I was married before. My ex, also a transguy, was (and still is, from what I can tell) a terrible, abusive person. He isolated me from friends and family, constantly put me down, and made me believe what he was saying – that I was a worthless whore. He stole my money, literally took my paychecks and spent them however he wanted, took my debit cards, ruined my credit, and refused to hold down consistent jobs, while I meanwhile worked two part-time jobs just to make ends meet. He told me that he would leave me or kill himself if I didn’t try to have his children, that I “owed” him that as his partner. By that point, in the depths of despair and isolation, I believed him.*
We couldn’t afford to use a donor through any of the cryobanks he researched (remember? my ex couldn’t be bothered to hold down a job), so my ex decided that we would use a known donor: his loafish, virgin, socially awkward, pothead friend. We’ll call him Benny. Benny’s hygiene was somewhat suspect and even before my ex coerced me to be inseminated with Benny’s DNA, just being near him made my skin crawl. Each attempt to conceive was horrific. I felt violated and completely dissociated from my body. After several revolting, unsuccessful at-home ICI attempts, my ex finally gave up.
It took about six years of deep depression, isolation and sheer terror at the hands of my ex husband before I finally began to realize that I was the victim of domestic violence and that I deserved better. With the help of a local domestic violence agency’s toll-free hotline, as well as the support of K, who was becoming a dear friend at the time, I made a plan to safely leave my relationship with my ex.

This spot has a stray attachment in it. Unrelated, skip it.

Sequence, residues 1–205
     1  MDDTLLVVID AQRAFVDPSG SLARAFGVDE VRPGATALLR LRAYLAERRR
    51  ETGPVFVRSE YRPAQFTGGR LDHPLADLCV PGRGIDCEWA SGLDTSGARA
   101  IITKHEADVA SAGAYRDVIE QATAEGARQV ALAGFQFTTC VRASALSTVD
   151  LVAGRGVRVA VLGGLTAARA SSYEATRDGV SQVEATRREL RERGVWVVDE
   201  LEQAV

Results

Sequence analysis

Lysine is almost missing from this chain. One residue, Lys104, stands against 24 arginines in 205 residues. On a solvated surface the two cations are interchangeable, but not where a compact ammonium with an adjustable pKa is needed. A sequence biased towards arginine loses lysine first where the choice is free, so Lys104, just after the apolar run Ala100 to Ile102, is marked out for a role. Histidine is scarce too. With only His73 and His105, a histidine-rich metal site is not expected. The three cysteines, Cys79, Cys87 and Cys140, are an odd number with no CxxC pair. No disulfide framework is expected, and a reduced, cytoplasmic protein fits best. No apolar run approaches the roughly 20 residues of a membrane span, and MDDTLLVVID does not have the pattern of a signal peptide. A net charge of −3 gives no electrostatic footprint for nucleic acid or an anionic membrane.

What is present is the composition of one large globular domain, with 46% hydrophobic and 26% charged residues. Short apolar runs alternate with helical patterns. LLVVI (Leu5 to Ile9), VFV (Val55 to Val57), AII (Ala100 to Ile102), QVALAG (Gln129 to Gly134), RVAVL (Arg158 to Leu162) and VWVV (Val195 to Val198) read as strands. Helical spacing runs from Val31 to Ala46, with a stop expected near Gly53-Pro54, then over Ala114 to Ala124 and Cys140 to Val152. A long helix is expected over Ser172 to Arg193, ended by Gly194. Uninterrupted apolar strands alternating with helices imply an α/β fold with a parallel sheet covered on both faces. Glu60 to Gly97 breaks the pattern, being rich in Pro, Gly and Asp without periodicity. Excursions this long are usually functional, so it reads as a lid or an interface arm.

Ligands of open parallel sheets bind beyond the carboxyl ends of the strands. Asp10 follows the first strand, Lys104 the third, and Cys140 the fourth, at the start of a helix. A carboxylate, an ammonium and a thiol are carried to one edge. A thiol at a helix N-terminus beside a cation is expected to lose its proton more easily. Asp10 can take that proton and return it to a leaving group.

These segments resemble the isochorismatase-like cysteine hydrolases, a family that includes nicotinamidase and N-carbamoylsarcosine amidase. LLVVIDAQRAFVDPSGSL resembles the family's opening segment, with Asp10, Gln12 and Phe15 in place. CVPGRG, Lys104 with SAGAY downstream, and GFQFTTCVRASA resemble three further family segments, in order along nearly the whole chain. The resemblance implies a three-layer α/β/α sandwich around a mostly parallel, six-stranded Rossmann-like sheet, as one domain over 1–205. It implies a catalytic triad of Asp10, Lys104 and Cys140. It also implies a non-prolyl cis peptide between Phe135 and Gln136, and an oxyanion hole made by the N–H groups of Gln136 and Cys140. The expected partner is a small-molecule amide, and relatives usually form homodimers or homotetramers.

It has been seven years since I left and I wish I could say that the past horror is behind me. It is not. A part of me struggles with it quite literally every day. Luckily, I am more often reminded of the fact that I am now safe, with a partner who respects and encourages me, and have a wide net of loving friends and family.
Looking back, I am certain that I found a way to will Benny’s sperm to leave my body so that I wouldn’t conceive my ex’s child. I’m also certain, while I wasn’t fully aware of it at the time, that my initial and longterm boundary of being child-free throughout the majority of my relationship with K was very much tied to the trauma of being a survivor of domestic violence, especially as it relates to reproductive coercion. Even though I felt safe with K, it took me many, many years to truly believe and feel it. And let’s face it, who wants to (willingly) build a family with someone when they’re not sure they’re safe?
* Everyone deserves to feel safe with their loved ones. If you feel like your partner exhibits any of the traits I describe in the first paragraph or any of the ones listed here, you may be experiencing abuse. Domestic violence takes many forms and can happen to anyone of any age and identity group. For confidential help and hope, please contact the National Domestic Violence Hotline at (800) 799-SAFE (7233).